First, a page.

The opinion of the court was delivered by: KAPLAN
LEWIS A. KAPLAN, District Judge.
The facts as alleged in the complaint are as follows. Nicholas DiPaolo, the principal of Collectibles International, Inc. ("Collectibles"), a sports collectibles company, ran ads in major New York newspapers and distributed promotional literature and videos seeking to entice the public to become sports card brokers.
Steve Yeager, a former professional baseball player and a celebrity endorser for Collectibles, was featured in the ads and videos and made personal telephone follow up calls to interested consumers.
Collectibles, in return for a "deposit" of approximately $ 3,000, claimed it would provide customer "leads," viz. names of buyers of sports collectibles, as well as training and training materials and sports cards at deeply discounted prices for personal collections. The DCA has received upward of 60 consumer complaints to the effect that the literature and videos were replete with factual inaccuracies, the training was practically non-existent, consumers
lost their "deposits," the leads were worthless and unauthorized charges were made on consumers' credit cards. As witnessed by the handwritten consumer complaints, the victims of the alleged scam, for the most part, were unsophisticated consumers with an interest in sports who were looking for a job.
Relevant Statutory Provisions
Section 20-700 of the Consumer Protection Law states:
"No person shall engage in any deceptive or unconscionable trade practice in the sale, lease, rental, or loan or in the offering for sale, lease, rental, or loan of any consumer goods or services, or in the collection of consumer debts."
"Consumer goods and services" are defined as goods and services "used primarily for personal, household, or family purposes." N.Y.C. ADMIN. CODE § 20-701 (d).
Yeager contends that the defendants' offerings were not "consumer goods or services" within the meaning of the statute. The Court concludes that the customer leads, vocational training and materials and sports cards defendants offered all qualify as consumer goods and services. Accordingly, the motion is dismiss is denied.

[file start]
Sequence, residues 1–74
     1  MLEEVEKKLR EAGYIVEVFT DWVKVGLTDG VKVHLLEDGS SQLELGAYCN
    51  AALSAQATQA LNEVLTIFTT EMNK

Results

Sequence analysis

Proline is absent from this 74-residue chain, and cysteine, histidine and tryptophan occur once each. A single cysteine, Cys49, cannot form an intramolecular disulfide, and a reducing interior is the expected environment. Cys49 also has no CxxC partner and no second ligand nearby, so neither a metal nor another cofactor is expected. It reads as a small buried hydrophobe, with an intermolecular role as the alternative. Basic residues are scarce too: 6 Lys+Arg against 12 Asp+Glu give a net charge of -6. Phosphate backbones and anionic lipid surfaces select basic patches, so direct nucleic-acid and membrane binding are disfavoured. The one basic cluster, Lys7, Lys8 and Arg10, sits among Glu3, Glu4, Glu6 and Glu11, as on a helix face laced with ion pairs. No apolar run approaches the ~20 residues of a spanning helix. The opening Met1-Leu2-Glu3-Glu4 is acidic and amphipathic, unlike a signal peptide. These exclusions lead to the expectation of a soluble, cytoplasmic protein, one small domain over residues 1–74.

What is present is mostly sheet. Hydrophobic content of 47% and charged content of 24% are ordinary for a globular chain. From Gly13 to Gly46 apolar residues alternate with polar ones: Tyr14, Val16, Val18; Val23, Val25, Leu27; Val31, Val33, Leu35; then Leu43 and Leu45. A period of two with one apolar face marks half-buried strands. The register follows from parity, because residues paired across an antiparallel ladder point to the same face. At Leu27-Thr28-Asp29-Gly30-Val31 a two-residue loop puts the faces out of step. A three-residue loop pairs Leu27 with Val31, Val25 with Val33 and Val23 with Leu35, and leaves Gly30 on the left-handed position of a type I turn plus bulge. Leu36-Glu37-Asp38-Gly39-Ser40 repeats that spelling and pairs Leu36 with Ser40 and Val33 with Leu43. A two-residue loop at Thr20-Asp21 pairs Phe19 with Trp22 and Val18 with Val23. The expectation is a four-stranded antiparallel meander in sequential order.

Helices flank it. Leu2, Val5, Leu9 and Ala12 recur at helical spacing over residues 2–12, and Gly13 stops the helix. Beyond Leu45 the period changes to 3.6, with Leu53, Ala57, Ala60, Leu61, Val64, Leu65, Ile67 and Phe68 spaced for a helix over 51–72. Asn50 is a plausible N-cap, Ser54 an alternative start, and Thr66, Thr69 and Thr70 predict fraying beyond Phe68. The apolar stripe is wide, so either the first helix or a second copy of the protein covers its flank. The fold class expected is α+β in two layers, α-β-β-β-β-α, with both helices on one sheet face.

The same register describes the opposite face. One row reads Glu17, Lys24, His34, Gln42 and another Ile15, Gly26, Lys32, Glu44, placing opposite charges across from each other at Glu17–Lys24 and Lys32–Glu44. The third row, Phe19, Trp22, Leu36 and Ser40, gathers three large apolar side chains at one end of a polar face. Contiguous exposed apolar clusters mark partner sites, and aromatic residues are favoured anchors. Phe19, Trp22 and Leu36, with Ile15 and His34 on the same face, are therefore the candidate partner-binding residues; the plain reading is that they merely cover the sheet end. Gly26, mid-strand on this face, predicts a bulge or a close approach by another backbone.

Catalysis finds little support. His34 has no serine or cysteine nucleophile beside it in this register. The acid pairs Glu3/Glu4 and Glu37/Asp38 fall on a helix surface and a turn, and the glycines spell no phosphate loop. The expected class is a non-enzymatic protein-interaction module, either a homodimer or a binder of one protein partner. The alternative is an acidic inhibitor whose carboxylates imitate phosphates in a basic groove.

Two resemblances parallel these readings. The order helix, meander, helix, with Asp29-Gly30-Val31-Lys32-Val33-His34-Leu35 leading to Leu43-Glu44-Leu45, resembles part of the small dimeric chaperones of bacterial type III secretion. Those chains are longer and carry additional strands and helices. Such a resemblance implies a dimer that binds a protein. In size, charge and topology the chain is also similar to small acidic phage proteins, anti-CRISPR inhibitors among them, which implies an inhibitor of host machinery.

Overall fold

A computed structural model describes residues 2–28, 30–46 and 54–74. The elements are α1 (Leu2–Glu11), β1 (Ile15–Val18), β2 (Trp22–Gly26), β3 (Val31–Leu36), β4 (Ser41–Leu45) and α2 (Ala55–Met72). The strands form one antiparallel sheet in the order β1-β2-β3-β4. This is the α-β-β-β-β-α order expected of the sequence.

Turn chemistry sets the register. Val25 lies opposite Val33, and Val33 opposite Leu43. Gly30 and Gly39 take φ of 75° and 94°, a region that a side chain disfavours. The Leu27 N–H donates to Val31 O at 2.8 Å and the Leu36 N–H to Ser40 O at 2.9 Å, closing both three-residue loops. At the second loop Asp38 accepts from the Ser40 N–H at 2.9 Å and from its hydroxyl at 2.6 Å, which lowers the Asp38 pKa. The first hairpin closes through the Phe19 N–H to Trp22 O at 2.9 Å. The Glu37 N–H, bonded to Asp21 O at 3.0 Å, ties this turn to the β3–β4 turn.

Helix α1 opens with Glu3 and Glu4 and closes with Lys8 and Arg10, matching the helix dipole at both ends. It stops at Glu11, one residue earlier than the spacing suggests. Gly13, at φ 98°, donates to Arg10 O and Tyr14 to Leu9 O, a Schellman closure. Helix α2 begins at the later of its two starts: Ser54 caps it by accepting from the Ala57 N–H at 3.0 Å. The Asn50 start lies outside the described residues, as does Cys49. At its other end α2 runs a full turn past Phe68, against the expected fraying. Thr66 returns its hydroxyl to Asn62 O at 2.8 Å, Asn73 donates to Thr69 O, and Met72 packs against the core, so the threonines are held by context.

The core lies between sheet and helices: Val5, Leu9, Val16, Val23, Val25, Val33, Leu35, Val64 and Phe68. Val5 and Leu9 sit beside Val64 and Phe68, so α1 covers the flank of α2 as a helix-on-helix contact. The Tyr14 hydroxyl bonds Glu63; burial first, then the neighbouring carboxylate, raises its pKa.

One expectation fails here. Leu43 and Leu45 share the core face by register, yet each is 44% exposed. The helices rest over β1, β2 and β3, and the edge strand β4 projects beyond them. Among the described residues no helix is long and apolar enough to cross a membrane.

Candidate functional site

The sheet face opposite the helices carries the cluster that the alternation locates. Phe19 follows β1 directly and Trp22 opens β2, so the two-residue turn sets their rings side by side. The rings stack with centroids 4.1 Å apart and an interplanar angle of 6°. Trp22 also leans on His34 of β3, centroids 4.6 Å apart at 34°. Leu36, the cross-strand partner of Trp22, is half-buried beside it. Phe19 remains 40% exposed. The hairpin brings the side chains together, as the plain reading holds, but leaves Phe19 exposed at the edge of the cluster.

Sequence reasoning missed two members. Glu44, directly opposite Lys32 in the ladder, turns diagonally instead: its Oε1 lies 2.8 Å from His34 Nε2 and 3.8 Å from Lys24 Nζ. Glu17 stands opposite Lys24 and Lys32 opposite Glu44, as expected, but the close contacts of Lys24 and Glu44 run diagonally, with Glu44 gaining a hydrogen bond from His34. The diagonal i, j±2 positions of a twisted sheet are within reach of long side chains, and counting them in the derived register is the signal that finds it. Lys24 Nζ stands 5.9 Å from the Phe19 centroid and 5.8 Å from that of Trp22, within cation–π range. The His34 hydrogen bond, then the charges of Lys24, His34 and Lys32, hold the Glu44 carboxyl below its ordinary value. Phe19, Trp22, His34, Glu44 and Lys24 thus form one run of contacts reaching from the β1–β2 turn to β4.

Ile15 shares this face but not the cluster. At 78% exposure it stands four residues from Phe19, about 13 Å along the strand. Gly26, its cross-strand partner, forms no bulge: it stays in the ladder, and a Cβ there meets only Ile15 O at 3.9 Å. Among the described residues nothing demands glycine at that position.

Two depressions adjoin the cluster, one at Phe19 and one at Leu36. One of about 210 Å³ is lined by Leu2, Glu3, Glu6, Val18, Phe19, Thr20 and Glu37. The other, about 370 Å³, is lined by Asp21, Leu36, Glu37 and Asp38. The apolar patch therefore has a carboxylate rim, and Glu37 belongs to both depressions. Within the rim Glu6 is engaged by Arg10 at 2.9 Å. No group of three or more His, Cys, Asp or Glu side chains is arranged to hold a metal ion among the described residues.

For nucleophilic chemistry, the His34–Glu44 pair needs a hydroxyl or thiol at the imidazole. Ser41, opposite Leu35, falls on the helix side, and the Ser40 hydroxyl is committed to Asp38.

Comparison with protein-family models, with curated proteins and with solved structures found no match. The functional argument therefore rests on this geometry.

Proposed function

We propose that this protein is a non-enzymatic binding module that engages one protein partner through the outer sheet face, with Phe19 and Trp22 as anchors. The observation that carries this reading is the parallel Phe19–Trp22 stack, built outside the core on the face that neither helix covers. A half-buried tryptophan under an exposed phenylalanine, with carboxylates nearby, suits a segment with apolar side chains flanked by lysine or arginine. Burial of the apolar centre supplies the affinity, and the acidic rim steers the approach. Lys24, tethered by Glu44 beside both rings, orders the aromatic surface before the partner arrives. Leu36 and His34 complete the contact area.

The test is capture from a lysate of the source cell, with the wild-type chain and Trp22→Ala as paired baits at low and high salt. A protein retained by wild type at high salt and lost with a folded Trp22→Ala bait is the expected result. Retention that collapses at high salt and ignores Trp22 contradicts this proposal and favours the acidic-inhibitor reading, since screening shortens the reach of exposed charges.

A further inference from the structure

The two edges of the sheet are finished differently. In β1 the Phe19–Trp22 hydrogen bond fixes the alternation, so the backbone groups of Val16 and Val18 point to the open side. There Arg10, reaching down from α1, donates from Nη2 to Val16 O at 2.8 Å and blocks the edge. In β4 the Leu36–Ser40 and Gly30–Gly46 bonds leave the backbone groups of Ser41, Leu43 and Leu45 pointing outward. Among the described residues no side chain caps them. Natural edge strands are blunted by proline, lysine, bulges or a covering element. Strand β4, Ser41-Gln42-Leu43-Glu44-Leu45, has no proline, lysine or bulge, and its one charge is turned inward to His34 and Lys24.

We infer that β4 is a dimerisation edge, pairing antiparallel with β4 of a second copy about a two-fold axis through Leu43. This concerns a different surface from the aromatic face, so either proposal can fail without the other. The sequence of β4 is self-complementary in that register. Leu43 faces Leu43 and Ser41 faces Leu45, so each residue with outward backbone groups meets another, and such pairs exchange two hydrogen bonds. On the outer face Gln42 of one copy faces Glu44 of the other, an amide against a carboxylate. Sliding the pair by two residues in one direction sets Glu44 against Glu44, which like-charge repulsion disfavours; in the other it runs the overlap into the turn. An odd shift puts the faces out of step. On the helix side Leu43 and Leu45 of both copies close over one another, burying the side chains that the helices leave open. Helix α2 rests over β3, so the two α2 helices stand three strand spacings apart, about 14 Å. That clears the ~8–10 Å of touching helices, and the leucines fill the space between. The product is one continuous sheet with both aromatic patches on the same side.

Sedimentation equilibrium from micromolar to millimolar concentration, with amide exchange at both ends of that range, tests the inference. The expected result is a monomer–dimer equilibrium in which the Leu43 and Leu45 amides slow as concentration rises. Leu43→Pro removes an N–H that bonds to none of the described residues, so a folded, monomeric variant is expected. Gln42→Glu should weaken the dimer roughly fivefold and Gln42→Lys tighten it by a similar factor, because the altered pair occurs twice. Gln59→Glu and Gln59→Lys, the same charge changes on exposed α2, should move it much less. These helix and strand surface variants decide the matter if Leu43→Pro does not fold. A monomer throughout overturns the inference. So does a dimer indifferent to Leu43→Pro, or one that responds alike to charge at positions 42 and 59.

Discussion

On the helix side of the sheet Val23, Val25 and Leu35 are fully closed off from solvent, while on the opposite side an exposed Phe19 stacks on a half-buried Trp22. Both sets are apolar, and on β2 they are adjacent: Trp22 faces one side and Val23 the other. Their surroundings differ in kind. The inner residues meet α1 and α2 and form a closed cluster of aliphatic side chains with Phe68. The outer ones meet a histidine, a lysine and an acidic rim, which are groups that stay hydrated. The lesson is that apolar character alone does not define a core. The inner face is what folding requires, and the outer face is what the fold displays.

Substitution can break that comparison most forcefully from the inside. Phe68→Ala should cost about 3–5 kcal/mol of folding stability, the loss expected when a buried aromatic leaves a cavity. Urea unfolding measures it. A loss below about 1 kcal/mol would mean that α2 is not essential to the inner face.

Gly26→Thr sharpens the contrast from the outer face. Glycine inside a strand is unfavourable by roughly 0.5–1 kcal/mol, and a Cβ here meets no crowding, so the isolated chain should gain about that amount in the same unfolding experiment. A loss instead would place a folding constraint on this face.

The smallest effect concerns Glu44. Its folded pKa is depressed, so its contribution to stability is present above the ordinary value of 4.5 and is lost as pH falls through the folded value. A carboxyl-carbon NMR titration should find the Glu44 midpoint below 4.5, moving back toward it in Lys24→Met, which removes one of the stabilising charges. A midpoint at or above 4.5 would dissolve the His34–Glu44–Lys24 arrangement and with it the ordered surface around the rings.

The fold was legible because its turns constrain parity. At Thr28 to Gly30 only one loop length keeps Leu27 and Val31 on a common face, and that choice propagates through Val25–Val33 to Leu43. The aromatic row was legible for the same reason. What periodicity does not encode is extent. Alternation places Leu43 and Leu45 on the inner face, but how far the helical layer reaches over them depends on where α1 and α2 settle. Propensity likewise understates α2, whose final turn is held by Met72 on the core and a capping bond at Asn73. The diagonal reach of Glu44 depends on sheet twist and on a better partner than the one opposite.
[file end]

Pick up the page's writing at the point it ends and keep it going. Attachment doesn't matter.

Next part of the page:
"Generally, statutes promoting the public good are liberally construed." N.Y. STAT. § 341 (McKinney 1971). The New York City Consumer Protection Law seeks to protect the public from deceptive and unconscionable trade practices and should be interpreted broadly. See 23 Realty Assocs. v. Teigman, 213 A.D.2d 306, 624 N.Y.S.2d 155 (1st Dep't 1995) (residential leases qualify as consumer goods under Consumer Protection Law). The Court of Appeals has stated that a court interpreting the statute should look to "the vast multitude which the statute[ was] enacted to safeguard including the ignorant, the unthinking and the credulous who, in making purchases, do not stop to analyze but are governed by appearances and general impressions." Guggenheimer v. Ginzburg, 43 N.Y.2d 268, 273, 401 N.Y.S.2d 182, 184, 372 N.E.2d 17 (1977) (citations omitted).
The defendants here purportedly offered their prospects "business" training, sales leads and sports cards for their personal collections. The cards obviously were consumer goods by any definition of the term.
The only question of any ...